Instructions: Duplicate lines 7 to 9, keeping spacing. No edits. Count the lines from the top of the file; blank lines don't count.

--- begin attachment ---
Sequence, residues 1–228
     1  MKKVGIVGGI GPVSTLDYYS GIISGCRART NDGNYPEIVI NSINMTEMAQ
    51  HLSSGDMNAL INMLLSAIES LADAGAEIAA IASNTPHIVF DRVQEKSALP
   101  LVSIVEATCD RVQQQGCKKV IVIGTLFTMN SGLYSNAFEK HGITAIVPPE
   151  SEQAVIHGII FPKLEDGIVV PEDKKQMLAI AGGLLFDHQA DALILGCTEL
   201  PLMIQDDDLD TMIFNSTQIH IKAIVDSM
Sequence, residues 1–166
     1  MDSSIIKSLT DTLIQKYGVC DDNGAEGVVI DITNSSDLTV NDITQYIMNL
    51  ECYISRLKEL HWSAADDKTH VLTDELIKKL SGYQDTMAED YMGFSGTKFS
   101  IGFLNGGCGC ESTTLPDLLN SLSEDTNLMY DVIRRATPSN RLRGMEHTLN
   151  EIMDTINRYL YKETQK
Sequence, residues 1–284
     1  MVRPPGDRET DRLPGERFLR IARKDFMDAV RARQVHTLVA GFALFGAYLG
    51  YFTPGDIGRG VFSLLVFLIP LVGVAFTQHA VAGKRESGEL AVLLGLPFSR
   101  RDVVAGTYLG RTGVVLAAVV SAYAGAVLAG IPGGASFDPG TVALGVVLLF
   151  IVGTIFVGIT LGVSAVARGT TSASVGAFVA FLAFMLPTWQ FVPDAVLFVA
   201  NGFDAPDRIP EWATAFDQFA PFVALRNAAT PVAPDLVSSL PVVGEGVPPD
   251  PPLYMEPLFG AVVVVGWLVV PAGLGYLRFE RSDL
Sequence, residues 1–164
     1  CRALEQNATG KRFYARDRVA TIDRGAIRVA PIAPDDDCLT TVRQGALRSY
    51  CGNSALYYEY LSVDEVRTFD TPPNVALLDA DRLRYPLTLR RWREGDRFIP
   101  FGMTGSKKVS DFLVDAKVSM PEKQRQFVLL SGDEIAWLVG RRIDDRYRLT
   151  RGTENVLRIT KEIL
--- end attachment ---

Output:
Sequence, residues 1–166
     1  MDSSIIKSLT DTLIQKYGVC DDNGAEGVVI DITNSSDLTV NDITQYIMNL
    51  ECYISRLKEL HWSAADDKTH VLTDELIKKL SGYQDTMAED YMGFSGTKFS